Spotlight on Geopolitics

How China Made It to the Top

On the eve of the celebrations marking the 60th anniversary of the People’s Republic of China, Geneva-based professor Zhang Wei-Wei felt compelled to summarize for Western audiences the principles which he believes explain China’s successful modernization drive.
In an op-ed published by The New York Times on September 30, he states that when China opened up in 1978, Deng Xiaoping (for whom Zhang acted as an English translator) decided to avoid both Soviet and Western development models for his country. By adopting a trial-and- error approach to major reforms, the Chinese leadership resorted to time-honoured Confucian pragmatism, opening the country’s markets to foreign products and technology, whilst refusing to democratize the Chinese society before modernizing it.
What professor Zhang does not mention in his article is the competition which took place in the 80s between the Soviet Union and China for the hearts and minds of their own citizens and those of their satellite-countries. To this date, the reform and restructuring path followed by the Soviet Union under the Gorbachev leadership, for example, is still being considered by Chinese intellectuals as mistaken. Keeping tight control over dissent and the monopoly of power of the Chinese communist party whilst liberalizing the economy and trade is, in a nutshell, what differentiates the Chinese modernization experience from that of the West or the Soviet-style perestroika and glasnost.
Zhang considers that the erstwhile achievement of the thirty-year modernization process in China is lifting 400 million people from poverty in one generation. According to him, the tough reforms undertaken in this period benefitted from popular support. This was obtained through good governance (from which Zhang derives the legitimacy of the current Chinese regime) and by trying to harmonize conflicting interests among various social groups.
The wisdom professor Zhang wishes to impart to his Western counterparts is that modernization of the economy should precede democratization, and not the other way around. Here again, his criticism is directed against the Gorbachev reformist team, which he believes is responsible for the break-up of the Soviet state. Morevover, he is convinced that the Chinese path towards modernization is a model worth following by nations worldwide willing to eradicate poverty and achieve their development goals more rapidly.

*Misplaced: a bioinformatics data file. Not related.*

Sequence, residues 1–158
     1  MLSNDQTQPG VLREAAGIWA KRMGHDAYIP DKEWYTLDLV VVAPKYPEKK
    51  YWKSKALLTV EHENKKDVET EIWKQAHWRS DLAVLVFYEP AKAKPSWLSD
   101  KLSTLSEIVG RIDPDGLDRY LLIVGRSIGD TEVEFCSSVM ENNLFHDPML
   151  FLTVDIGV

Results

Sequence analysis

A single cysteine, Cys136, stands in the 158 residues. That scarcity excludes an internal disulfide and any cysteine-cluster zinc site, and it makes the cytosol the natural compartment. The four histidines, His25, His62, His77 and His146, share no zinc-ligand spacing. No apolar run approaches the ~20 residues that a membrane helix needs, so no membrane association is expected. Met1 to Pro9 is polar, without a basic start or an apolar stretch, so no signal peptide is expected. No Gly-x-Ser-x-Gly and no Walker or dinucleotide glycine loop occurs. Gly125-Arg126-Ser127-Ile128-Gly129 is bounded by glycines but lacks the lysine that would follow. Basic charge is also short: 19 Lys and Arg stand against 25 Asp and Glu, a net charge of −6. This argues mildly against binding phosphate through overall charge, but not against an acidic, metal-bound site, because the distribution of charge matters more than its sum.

While some of the criticism aimed at the Soviet experience in the 80s is pertinent, the development path chosen by China is by no means unique. We should not forget that by the time China started its own modernization drive, the Asian tigers (Singapore, South Korea, Taiwan) were ending theirs. The command-and-control economic model favoured by all these countries is basically what China has followed for the past three decades. These countries introduced democracy in the 90s, following almost 50 years of dictatorships and only after their populations’ living standards approached those of Western societies. The fact that China did it in half the time simply proves that history has a well-documented tendency to accelerate its pace : the West took about 150 years to reach its modern development stage, Japan needed a century, and so on.
The Chinese achievements are nevertheless tremendous by any standards and professor Zhang is rightfully proud. Sadly, what he forgets to mention in his op-ed is the essential fact that progress in Asia and elsewhere would have been unthinkable in the absence of Western ideas, know-how, markets and initial impetus. And this I consider to be a basic truth that should be taught to all Asian students, including in China. Otherwise, Chinese intellectuals run the risk of misleading their people into believing that all these achievements were solely due to the enlightened leadership of the Communist Party.
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